I killed many darlings already in the The Stone of Kings, but the slaughter continues, not only for the sake of time, but also for losing visual interest. In my book, I have Turlough play two songs that help to encompass who he is. But describing the performance is much shorter than presenting it. So he only plays the song which helps to set the tone of the story. I’ve read how the inciting incident (in this case, when the boys find the magic book and promptly send themselves 300 years in the future), is supposed to happen around page 30 of a screenplay. Killing more darlings helped me to be on track. 🙂

3. Research starts anew.

I thought I’d put my biography of Turlough O’Carolan away when I got the major edits done on the novel. But then there were things that I didn’t bother mentioning in the novel, that I had to mention in the screenplay.

After Turlough wakens from his fever with smallpox and realizes he’s blind, the scene in the book is written from his point of view, so I didn’t bother to talk about Mrs. MacDermottRoe’s appearance. She’s the lady who eventually has him trained as a traveling harper. But I didn’t think that having an entire scene from Turlough’s blind perspective would work for the movie, so I had to give some description so that if this gets produced, they could cast an appropriate female for this minor role. Mrs. MacDermottRoe was, in fact, only about 5 years older than Turlough.

Do you like “behind the scenes?” Are you frustrated when movies don’t quite capture the book? Are you understanding of filmmakers when they leave out your favorite scene from a book?

Books I Love · The Stone of Kings · Writing

5 Quick Tips About Irish Faeries

That hat is red. Trust me.

I’ve been so busy learning about screenplays this past week, that I almost forgot to write today’s post!

With all due respect to the movie The Labyrinth, which I grew up watching over and over… and over, I’ve learned that faeries command more respect than from a fear of being bitten by them as if they were nothing more than beautiful bugs. 😉 My Grandma Caroline didn’t talk about the faeries often. But when she did, she spoke about them as if they were real. She gave me W. B. Yeats book on Irish Myth, Legend, and Folklore, and on page one I saw why she might have been so silent on them – “Beings so quickly offended that you must not speak much about them at all,…”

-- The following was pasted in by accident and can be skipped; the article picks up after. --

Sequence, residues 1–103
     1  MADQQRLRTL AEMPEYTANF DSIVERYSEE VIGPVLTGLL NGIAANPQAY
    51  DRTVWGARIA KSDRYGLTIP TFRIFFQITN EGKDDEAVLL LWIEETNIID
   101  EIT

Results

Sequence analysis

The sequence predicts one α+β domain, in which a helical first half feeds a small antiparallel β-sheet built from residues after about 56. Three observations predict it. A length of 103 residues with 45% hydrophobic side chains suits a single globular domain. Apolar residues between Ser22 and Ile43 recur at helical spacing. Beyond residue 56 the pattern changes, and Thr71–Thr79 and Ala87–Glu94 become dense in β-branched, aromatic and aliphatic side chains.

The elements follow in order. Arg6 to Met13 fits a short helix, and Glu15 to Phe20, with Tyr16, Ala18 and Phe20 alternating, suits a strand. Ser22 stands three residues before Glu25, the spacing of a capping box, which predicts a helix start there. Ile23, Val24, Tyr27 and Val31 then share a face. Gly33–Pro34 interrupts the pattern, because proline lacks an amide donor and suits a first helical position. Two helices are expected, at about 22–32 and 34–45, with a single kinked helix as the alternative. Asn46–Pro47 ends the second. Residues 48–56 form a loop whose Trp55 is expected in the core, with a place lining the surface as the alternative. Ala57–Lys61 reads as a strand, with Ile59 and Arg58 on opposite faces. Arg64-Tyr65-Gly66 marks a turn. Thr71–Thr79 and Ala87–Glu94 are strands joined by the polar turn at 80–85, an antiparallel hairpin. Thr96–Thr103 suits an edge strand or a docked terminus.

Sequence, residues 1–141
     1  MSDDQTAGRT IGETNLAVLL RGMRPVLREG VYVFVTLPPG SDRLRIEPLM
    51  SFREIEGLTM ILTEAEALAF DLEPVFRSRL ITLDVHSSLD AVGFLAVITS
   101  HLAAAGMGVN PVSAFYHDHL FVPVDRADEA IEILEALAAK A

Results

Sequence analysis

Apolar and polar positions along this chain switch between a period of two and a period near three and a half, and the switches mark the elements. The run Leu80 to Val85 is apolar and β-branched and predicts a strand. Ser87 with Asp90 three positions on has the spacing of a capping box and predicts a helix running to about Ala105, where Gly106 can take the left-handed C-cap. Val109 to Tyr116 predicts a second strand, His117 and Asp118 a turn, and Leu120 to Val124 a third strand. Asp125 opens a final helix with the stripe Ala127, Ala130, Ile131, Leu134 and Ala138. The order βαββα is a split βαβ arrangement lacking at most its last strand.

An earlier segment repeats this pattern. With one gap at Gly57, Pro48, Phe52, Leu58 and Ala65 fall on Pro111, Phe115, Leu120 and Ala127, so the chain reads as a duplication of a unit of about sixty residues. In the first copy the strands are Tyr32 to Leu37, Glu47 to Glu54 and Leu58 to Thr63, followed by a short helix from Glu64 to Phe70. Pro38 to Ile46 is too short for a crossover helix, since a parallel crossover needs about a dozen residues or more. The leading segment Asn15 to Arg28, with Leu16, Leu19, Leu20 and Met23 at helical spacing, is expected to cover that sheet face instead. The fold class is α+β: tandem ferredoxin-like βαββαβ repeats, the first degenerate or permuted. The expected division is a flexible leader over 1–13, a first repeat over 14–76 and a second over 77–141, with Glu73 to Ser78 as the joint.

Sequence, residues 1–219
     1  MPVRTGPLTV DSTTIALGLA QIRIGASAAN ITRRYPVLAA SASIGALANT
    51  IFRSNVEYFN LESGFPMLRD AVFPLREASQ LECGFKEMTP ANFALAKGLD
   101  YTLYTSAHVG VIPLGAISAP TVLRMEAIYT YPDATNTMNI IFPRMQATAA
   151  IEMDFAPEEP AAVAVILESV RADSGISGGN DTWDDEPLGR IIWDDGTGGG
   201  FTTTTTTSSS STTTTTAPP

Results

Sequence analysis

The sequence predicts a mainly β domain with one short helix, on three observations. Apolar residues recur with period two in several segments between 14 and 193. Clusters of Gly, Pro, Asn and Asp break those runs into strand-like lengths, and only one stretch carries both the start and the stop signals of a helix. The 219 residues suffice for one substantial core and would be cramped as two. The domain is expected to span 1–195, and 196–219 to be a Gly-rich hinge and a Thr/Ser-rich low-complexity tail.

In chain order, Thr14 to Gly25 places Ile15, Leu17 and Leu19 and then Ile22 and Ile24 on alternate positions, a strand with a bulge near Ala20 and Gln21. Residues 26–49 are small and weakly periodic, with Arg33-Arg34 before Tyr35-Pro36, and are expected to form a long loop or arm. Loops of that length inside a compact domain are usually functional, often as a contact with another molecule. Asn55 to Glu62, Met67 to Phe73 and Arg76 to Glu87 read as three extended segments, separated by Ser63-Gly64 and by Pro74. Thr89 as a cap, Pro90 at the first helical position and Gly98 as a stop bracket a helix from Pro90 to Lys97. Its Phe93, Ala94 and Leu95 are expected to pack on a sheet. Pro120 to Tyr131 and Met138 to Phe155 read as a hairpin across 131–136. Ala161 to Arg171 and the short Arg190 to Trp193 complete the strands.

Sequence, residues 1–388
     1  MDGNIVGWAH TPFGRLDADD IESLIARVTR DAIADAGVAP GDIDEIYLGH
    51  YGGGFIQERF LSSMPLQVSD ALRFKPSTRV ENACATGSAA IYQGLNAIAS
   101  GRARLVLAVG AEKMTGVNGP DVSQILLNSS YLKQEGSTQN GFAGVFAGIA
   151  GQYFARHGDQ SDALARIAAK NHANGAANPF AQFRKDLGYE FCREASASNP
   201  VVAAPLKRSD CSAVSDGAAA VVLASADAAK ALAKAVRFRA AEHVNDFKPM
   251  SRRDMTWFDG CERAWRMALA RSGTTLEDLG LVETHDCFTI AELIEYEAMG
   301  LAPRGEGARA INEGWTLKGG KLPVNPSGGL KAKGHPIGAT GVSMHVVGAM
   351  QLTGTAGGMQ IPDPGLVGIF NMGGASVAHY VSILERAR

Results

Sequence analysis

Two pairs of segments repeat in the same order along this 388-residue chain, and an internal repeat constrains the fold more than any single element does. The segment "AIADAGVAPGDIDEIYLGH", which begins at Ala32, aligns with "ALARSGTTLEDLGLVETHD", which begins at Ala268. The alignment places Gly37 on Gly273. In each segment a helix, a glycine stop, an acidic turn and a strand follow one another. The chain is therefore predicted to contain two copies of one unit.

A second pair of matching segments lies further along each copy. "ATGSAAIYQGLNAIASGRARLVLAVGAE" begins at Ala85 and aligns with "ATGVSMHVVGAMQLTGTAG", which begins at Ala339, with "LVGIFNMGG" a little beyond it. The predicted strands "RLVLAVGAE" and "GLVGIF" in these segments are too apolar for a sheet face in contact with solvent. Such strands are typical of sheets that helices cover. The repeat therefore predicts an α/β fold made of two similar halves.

Huh, but we lived in America at the time. I guess old habits die hard.

But silence on the subject puts a damper in my story, so I did take a few liberties. I hope The Good People can forgive me. Which leads me to my first tip (many of these come from Yeats, some come from The Stone of Kings):

  1. “…never call them anything but the “gentry,” or else daoine maithe, which in English means good people,…” I’d much rather refer to them as Good People than Bad People anyway. 😉
  2. They are “…so easily pleased, they will do their best to keep misfortune away from you,…” I think I’d want these guys on my side…
  3. Don’t mess with the rath! – A rath is the faery’s fort. This can be a simple mound of earth. My mom says that the Irish even build some of their roads in such a way to avoid destroying a rath. And yet – we come to a bit of inspiration for my book – Yeats says, “Carolan,…slept on a rath, and ever after the fairy tunes ran in his head and made him the great man he was.” This leads us to…
  4. They love good music! My account of how O’ Carolan acquired his abilities is not completely accurate (you’ll just have to wait for my book to come out 😉 ). But I believe that it encompasses the ideas of how the faeries are easily offended yet appreciate a good tune. For more on this, read the story of Lusmore and the Fairies.